What does a Transportation Security Officer do?

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  • Written By: G. Wiesen
  • Edited By: Heather Bailey
  • Last Modified Date: 04 December 2017
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    Conjecture Corporation
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A transportation security officer works for the Transportation Safety Administration (TSA) to ensure the safety and security of travelers and airplanes that travel to and from cities throughout the United States (US). The specific duties of a transportation security officer can include the inspection and searching of, and use of security wands on, passengers who are passing through a security checkpoint before boarding a plane. An officer will also check baggage both through x-ray machines and visually inspecting opened baggage to ensure that any suspicious objects are benign and do not present security threats. The officer must also be able to control entry and exit points throughout airports to ensure that no one is allowed into an airport unless authorized to do so.

Originally created as part of the US Department of Transportation in November of 2001, the TSA was established to ensure the safety of airplanes and of the passengers within them throughout the US. Transferred to become part of the Department of Homeland Security in 2002, the TSA continues to be tasked with the duties necessary to ensure that airline passengers are safe and that any efforts to disrupt, damage, or otherwise endanger the safety of passengers are prevented. A transportation security officer is at the metaphorical front line of airline safety, and works every day to ensure that dangerous, illegal, or contraband items are not taken onto airplanes.

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Travelers usually meet at least one transportation security officer at any security checkpoint in every major airport in the US. These officers are the ones who check passengers’ tickets, identification, and luggage. While routine security screenings can be quick and efficient, sometimes more thorough examinations are required.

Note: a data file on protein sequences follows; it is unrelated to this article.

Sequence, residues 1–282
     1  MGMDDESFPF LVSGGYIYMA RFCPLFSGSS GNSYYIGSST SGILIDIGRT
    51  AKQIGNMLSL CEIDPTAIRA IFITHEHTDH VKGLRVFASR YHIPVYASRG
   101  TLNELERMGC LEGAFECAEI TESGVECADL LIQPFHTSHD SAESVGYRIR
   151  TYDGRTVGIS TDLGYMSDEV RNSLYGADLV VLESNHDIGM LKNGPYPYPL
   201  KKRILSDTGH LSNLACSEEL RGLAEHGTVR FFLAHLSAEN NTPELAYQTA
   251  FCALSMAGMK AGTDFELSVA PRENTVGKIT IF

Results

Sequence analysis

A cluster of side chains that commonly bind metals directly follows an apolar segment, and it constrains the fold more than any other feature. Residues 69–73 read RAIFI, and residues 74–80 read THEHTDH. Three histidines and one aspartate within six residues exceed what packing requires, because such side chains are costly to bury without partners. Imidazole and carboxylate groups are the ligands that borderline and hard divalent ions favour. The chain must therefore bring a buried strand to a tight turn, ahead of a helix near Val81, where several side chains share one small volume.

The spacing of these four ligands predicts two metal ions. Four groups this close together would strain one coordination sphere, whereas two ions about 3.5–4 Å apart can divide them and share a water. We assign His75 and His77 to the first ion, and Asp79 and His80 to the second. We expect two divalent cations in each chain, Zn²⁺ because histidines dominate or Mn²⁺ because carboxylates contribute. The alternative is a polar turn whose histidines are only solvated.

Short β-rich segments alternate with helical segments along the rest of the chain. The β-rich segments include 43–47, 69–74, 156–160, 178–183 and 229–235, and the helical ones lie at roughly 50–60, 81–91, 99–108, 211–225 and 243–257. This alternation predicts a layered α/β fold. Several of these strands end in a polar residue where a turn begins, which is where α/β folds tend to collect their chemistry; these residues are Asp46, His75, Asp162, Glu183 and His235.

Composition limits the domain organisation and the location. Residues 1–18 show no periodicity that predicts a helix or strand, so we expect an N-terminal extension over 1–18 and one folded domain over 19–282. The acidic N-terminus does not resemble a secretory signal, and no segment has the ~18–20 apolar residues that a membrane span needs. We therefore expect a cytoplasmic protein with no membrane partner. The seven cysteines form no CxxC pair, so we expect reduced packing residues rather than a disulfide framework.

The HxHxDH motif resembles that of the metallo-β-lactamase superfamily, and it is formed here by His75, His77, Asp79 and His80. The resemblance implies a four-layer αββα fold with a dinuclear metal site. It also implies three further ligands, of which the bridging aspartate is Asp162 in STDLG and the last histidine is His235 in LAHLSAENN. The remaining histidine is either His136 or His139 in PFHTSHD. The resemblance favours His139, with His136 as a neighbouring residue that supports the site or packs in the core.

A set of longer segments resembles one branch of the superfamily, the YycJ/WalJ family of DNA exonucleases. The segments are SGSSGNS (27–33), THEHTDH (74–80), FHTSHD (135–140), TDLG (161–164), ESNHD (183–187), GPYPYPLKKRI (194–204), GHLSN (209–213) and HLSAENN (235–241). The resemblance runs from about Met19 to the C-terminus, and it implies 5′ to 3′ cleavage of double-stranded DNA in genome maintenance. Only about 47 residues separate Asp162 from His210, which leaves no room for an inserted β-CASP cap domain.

An officer typically has to visually look for potential security threats and perform hand-wanding, the use of a handheld metal detector to ensure no harmful items are on a person. A transportation security officer is also typically required to watch x-ray machine displays to ensure no potentially dangerous items are transported onto an airplane and to occasionally manually search luggage for security purposes. Officers also monitor exit and entryways to ensure people do not bypass security checkpoints to board airplanes.

To become a transportation security officer requires good physical condition, as an officer may be on his or her feet for up to four hours at a time without a break, must be able to repeatedly lift up to 70 pounds (about 32 kg), and walk up to two miles a day while working. Certain vision and hearing requirements must also be met. An officer must also have the mental concentration and fortitude to remain calm and focused in moments of crisis and while interacting with tired and potentially hostile travelers.

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